Roger S. Bagnall, director of the Institute for the Study of the Ancient World (ISAW) at New York University and professor of ancient history, has been named a Phi Beta Kappa Visiting Scholar for 2007-2008. One of only thirteen top intellectuals in the country selected this year for the honor, he and his fellow honorees will travel to universities and colleges where Phi Beta Kappa chapters are located to meet and talk with undergraduates, participate in classroom lectures and seminars, and deliver a major address open to the entire academic community.
Professor Bagnall is the founding director of the ISAW at NYU, which was created by a $200 million gift from the Leon Levy Foundation. He specializes in the social and economic history of Hellenistic, Roman and Late Antique Egypt. He has held many leadership positions in the fields of classics and papyrology; he is co-founder of a six-university consortium creating the Advanced Papyrological Information System. Among his best-known works are Egypt in Late Antiquity (1993), The Demography of Roman Egypt (1994; with Bruce Frier), and Reading Papyri, Writing Ancient History (1995). He directs Columbias excavation project at Amheida in the Dakhla Oasis in Egypt. He is a member of the American Philosophical Society and the Académie Royale de Belgique, as well as a Fellow of the American Academy of Arts and Sciences and the British Academy. He received his B.A. from Yale University and his M.A. and Ph.D. from the University of Toronto.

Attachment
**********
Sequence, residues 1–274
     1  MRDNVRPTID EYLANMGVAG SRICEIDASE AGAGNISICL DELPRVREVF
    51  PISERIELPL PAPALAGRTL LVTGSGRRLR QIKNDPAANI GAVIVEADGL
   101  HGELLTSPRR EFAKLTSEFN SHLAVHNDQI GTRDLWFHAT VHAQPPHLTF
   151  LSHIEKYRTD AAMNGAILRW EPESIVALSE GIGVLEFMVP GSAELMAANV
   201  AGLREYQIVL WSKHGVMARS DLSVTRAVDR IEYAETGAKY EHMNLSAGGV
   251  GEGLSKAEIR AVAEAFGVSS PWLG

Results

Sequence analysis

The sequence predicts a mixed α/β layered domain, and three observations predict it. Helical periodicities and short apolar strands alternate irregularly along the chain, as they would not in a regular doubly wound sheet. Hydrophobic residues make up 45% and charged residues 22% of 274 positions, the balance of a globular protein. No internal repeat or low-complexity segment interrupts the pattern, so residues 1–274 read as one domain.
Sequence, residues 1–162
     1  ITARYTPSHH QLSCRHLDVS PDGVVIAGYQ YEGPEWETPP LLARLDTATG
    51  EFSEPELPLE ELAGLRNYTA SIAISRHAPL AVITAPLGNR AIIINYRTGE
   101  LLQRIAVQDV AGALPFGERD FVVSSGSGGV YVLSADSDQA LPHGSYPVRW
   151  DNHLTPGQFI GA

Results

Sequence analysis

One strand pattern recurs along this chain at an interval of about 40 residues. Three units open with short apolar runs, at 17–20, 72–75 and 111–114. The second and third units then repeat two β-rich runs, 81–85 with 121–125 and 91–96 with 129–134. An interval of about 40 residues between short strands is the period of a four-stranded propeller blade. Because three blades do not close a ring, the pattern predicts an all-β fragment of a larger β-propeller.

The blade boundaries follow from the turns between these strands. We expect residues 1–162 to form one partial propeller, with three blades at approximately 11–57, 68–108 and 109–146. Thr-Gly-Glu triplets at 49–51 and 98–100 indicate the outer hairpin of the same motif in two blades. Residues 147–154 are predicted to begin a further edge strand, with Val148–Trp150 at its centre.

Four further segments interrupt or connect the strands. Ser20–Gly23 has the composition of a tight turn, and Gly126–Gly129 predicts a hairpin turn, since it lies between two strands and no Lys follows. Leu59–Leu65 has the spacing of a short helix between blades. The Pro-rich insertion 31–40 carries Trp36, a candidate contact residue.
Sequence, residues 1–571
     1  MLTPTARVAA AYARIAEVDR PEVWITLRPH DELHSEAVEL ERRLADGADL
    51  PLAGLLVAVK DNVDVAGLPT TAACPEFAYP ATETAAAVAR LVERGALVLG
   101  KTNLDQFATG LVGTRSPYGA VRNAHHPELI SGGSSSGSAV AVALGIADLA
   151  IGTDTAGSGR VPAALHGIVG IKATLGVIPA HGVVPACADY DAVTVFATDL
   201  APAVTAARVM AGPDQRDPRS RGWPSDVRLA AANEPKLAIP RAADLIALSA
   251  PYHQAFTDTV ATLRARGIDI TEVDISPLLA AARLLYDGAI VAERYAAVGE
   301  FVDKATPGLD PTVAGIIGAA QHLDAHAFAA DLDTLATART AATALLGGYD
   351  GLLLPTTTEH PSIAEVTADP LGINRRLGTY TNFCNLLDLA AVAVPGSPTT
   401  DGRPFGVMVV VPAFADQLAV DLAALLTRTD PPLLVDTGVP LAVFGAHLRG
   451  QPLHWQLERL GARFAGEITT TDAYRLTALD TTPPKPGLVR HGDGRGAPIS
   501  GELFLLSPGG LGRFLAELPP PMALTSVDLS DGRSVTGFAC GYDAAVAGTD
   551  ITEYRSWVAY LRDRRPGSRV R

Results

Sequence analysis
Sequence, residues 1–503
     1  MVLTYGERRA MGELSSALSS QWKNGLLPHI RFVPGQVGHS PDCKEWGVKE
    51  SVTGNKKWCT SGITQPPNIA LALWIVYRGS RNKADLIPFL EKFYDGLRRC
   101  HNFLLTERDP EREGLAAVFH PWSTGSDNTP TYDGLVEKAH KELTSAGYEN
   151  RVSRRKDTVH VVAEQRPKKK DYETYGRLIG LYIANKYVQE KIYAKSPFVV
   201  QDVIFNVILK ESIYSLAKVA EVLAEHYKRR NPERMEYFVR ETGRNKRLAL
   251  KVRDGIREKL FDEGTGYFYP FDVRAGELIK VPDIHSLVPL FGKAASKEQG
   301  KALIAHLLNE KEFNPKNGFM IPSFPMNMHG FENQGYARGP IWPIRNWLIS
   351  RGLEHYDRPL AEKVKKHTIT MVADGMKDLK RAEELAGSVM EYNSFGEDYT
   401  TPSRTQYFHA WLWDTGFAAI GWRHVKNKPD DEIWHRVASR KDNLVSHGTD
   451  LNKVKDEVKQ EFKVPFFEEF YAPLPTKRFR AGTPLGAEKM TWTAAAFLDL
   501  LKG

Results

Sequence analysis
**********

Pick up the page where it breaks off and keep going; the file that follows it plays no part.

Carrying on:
ISAW is NYUs new center for advanced scholarly research and graduate education, intended to cultivate comparative and connective investigations of the ancient world. It will feature doctoral and postdoctoral programs, with the aim of training a new generation of scholars who will enter the global academic community and become intellectual leaders.
Founded in 1776, Phi Beta Kappa is the nations oldest academic honor society. It has chapters at 276 colleges and universities, including NYU, and 600,000 members. The Societys mission is to champion education in the liberal arts and sciences, to recognize academic excellence, and to foster freedom of thought and expression.